Kendon Perry, a business owner from Sandpoint, 37-year Idaho resident and father of two school children, asked the House Education Committee, "Will professional, passionate, hard-working teachers flee Idaho? Could Idaho become what I call the minor leagues or the training ground for teachers? And will all this come at the expense of our children?"
Brian Smith, a government teacher at Sandpoint High School, decried the "use of the political process to break contracts that were made in good faith." He read from a letter from his superintendent and the lead negotiator for his local school board, saying, "Our respect is grounded in the collective bargaining process that treats staff professionally." He said, "The proposed bill will create an atmosphere of fear." Smith said, "This isn't about money. Idaho Code ... already gives school districts the ability to reduce pay and benefits in a financial emergency. ... So I would ask, if this is about local control, then why doesn't my district have the right to continue a process that works for our students and our community?"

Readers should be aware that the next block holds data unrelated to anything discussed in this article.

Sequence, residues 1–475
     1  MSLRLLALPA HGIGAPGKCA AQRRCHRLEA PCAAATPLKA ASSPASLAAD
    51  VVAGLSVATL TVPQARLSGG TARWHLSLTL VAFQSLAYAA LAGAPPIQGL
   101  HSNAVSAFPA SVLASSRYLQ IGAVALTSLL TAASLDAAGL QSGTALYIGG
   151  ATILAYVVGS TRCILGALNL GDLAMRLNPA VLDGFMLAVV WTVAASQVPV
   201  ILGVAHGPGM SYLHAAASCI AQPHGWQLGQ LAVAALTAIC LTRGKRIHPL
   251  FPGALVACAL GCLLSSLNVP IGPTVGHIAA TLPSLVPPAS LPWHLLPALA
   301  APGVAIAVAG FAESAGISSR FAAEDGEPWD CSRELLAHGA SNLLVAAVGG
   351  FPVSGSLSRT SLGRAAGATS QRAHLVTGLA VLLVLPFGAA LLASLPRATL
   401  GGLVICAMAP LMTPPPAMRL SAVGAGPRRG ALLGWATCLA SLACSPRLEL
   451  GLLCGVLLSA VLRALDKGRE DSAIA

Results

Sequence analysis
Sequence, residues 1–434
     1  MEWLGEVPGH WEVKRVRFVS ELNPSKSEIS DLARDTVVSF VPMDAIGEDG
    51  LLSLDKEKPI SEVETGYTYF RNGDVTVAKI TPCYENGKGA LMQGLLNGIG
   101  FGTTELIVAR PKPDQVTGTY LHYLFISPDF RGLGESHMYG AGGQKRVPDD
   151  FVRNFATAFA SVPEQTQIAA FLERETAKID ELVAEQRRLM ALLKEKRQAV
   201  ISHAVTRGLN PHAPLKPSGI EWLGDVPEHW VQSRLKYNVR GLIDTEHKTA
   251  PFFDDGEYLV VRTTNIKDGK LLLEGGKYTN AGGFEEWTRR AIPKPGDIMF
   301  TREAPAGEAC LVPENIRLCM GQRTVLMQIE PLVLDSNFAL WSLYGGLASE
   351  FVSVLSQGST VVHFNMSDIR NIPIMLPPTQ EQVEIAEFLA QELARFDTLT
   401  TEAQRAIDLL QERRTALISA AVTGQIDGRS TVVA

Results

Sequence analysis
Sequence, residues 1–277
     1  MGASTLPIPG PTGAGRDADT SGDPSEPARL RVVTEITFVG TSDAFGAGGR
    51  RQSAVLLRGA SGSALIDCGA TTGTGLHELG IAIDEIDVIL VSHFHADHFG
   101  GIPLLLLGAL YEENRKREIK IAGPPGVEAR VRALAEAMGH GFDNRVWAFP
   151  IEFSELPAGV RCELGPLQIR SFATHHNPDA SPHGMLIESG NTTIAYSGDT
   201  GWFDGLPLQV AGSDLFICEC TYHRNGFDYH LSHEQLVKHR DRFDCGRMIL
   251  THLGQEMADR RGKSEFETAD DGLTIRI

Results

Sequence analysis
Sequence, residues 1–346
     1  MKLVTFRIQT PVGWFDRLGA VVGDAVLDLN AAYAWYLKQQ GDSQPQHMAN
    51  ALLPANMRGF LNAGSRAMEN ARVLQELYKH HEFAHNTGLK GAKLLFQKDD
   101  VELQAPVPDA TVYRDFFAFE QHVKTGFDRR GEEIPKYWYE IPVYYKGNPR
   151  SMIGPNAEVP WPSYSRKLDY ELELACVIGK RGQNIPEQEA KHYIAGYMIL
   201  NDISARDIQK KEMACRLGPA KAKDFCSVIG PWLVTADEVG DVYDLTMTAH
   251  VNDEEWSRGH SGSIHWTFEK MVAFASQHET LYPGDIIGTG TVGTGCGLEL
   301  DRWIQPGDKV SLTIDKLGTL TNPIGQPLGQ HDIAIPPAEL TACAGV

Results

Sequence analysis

Lisa Hoffeld, a fifth-grade teacher from Post Falls and a mother of two, said in her school district, "We are constantly collaborating." Teachers have agreed to salary cuts, benefit cuts, and furlough days, she said, to get through the budget crunch. "We are able to come together in a crisis in a way that puts students first," she said, saying her district's teachers and administrators all oppose SB 1108 and SB 1110. "What has happened that we do not trust the stakeholders to do that again this year?" she asked. "We do not want to see that relationship that we have been building for years go away."
Jim Norton, superintendent of schools in Parma, told the committee, "All but one of our seniors will be going on to college or to the military. Our system is not broken." He opposed the bills. When cuts come, he said, "It needs to be something we decide, and these bills do not allow that to happen."